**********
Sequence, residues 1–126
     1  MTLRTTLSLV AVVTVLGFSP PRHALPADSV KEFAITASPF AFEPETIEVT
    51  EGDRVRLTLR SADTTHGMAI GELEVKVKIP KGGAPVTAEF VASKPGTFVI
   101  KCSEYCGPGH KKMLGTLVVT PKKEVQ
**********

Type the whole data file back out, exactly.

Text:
Sequence, residues 1–126
     1  MTLRTTLSLV AVVTVLGFSP PRHALPADSV KEFAITASPF AFEPETIEVT
    51  EGDRVRLTLR SADTTHGMAI GELEVKVKIP KGGAPVTAEF VASKPGTFVI
   101  KCSEYCGPGH KKMLGTLVVT PKKEVQ